• Allowing adequate time to prepare yourself and to try things to make sure that that is ideal for you and you are actually getting some benefit out of it is really important because you could read research all day but it may not be applicable to you. Research is sometimes based on a very small sample of people and sometimes it is not the exact population that you are, so you might not fit in into that category. It is really about being pragmatic and practical and not being hung up on what the science says but being practical in your everyday life.
"It is really about being pragmatic and practical and not being hung up on what the science says but being practical in your everyday life."
  • Allowing adequate time to prepare yourself and to try things to make sure that that is ideal for you and you are actually getting some benefit out of it is really important because you could read research all day but it may not be applicable to you. Research is sometimes based on a very small sample of people and sometimes it is not the exact population that you are, so you might not fit in into that category. It is really about being pragmatic and practical and not being hung up on what the science says but being practical in your everyday life.

Key takeaways

  • Set the foundation and develop a healthy diet.
  • Get in adequate energy.
  • Incorporate some training with lower carbohydrate on easier training days.
  • Experiment with your nutrition and learn what works best for you.

What about nutrient timing?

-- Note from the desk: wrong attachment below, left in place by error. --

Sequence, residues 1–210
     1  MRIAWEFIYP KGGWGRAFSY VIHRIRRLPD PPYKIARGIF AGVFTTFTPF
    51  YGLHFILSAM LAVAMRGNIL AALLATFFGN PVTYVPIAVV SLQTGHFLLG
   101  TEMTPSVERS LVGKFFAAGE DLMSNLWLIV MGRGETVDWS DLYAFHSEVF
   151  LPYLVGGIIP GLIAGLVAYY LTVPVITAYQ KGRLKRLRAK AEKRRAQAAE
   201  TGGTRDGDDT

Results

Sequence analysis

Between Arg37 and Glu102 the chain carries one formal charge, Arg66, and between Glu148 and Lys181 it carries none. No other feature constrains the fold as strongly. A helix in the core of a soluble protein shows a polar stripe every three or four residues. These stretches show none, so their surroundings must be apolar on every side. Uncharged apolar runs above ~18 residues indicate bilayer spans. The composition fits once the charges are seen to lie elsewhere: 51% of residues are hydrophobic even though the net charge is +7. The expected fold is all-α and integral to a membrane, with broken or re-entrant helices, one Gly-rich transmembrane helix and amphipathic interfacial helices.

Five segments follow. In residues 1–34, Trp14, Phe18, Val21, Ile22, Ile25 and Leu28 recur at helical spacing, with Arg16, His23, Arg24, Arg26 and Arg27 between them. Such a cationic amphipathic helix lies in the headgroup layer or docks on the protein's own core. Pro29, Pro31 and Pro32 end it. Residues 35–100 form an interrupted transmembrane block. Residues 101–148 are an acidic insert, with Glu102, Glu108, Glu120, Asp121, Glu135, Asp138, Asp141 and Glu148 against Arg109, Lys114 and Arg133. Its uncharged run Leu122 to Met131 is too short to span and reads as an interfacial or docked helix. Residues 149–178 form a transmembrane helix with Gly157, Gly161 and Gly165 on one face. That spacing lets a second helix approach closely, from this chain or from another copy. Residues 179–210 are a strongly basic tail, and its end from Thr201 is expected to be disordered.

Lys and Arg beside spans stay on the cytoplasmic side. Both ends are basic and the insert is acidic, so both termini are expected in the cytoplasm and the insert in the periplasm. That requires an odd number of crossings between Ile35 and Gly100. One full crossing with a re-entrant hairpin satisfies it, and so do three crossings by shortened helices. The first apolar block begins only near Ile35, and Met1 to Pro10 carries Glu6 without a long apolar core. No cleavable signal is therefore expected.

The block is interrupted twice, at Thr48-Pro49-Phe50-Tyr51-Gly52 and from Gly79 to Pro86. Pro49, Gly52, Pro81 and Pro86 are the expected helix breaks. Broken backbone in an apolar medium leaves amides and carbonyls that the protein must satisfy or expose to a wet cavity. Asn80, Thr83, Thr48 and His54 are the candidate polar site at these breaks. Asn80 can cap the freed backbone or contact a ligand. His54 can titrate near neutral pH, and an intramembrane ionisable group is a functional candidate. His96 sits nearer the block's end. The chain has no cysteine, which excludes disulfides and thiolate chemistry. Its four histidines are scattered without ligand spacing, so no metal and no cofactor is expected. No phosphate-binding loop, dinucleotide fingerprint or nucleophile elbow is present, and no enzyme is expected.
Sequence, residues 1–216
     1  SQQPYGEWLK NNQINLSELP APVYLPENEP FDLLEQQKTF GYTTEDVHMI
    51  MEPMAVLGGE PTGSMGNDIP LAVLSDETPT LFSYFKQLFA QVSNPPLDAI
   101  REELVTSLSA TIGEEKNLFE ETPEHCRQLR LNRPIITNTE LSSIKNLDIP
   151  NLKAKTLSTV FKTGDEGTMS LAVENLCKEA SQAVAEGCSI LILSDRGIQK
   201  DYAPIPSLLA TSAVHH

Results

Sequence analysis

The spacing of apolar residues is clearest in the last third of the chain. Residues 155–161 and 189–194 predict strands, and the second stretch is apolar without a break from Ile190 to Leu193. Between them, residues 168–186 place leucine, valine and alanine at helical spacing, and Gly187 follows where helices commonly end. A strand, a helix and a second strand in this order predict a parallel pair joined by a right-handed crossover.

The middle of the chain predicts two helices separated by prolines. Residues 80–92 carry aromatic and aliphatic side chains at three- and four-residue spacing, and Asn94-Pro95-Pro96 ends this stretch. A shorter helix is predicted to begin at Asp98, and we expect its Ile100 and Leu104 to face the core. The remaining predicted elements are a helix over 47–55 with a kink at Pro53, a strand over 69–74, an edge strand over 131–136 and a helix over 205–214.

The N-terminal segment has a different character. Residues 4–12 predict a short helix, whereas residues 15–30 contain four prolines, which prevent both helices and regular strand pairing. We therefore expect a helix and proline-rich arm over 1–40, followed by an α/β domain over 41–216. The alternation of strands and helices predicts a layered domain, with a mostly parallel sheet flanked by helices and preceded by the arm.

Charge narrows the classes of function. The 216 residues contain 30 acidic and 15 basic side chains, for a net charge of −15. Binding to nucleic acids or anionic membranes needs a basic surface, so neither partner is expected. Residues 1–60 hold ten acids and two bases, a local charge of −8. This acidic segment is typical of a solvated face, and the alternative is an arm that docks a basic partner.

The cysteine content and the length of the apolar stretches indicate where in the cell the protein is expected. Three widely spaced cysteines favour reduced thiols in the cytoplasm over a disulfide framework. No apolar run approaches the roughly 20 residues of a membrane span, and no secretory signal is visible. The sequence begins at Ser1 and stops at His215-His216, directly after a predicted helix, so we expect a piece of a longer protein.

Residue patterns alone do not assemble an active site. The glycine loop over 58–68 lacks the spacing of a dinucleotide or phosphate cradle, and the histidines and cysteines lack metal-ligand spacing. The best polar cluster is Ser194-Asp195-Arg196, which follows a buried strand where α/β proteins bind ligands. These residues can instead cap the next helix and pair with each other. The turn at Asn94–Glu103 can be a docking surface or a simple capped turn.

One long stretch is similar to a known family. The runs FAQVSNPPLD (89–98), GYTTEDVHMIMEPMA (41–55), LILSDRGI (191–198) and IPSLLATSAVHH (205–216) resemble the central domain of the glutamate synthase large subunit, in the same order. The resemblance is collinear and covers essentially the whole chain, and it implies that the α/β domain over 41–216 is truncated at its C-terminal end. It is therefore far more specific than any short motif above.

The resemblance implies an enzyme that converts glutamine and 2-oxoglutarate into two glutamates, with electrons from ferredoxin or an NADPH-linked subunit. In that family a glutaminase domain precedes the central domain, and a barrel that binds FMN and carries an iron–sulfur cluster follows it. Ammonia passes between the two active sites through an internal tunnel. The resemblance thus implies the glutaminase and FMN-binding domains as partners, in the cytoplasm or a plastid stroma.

18:33 -

  • ​There are various approaches to nutrient timing but in general you want to think about when are you exercising, training, and competing and then working back from there.
  • You want to have some sort of meal let us say 4 hours before, or if it is early in the morning then that meal is the night before.
  • Then allowing adequate time in the morning to eat something whether that is a small breakfast depending on how your body reacts. Your nutrition training is just important as your physical training.
"Your nutrition training is just important as your physical training."
  • If you don’t practice your nutrition, you are going to be at a loss. Knowing what works and does not work for you is super important. Incorporating that into your training plans, weeks, months, beforehand is where you need to be.
  • Farther out from the workouts, even that night before, that is more of a complete meal. You got whole grains, fruits and vegetables, lean protein and good fat, lots of food groups.